Twenty Two.

Multiply it by thirty = sixty six.

By 365 = 8030.

You see "Twenty Two" is important to me, and to a growing number of other people.

Twenty Two is the number of veterans, each and every day, who commit suicide in this nation.

That's the number of men and women who, for whatever reason, decide that the pain is too much, that there are no other options, and that the easiest way out is to end their own life. Leaving their loved ones, their friends, their comrades in arms to deal with the aftermath. Making a final choice to kill themselves rather than to struggle on.

I want to give you a number for comparison. 6133. That's the TOTAL US casualties from 2001-2014 in Afghanistan and Iraq combined for military troops.

We lose more men and women every year to suicide than we have in over a decade of combat. Think about that.

Twenty Two people a day.

Which brings us to my request today.

As I said, a growing number of veteran's organizations, families, and other groups are trying to combat this. Attempting to fill the gaps which the VA can't reach, and to cross the bridge through peer support in hopes that a shared bond can help some of these people find hope instead of losing it all.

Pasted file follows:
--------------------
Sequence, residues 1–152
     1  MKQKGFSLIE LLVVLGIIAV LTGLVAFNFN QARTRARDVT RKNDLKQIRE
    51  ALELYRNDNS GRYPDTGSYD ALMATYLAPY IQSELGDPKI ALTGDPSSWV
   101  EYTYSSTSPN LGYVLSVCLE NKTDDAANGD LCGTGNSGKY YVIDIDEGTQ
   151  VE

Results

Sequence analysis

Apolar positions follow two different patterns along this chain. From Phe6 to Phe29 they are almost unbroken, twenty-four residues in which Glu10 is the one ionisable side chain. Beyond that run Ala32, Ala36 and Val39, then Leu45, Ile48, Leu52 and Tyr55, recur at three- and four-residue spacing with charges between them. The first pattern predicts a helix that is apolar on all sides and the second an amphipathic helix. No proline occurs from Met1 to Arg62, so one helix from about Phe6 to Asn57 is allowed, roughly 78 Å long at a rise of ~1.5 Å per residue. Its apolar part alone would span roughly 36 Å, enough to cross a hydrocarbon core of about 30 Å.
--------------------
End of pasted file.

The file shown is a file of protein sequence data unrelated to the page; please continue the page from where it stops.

One of these is #Mission22. The group came of out certain special operations units but is rapidly growing beyond that. Their mission is particularly to address the stigmas involving PTSD, TBI and veteran suicides, and to help our brothers and sisters.

As part of this they are holding a raffle as a fundraiser. The goal is to raise $20,000 by May and they are already halfway there. 

Winning prizes include a custom, hand-built 1911 pistol as well as a host of other items.

Tickets are $5 each.

Here's what I'm asking - go to the site.

Sign up for at least one ticket. But I'm asking something more.

Between ticket(s) and donations, give the group at least $22 dollars. However you choose to split it. To remember why we are doing this, the Twenty Two lives that ended today.

I need a custom .45 like I need a third arm, but I'm doing it. $22 is less than it costs to take my family through the drive-thru for lunch, and it's a much worthier cause.

In fact, I promise this - should, by some chance, I win - I'll auction the package off and donate every cent back to #Mission22. Sworn and promised here publicly.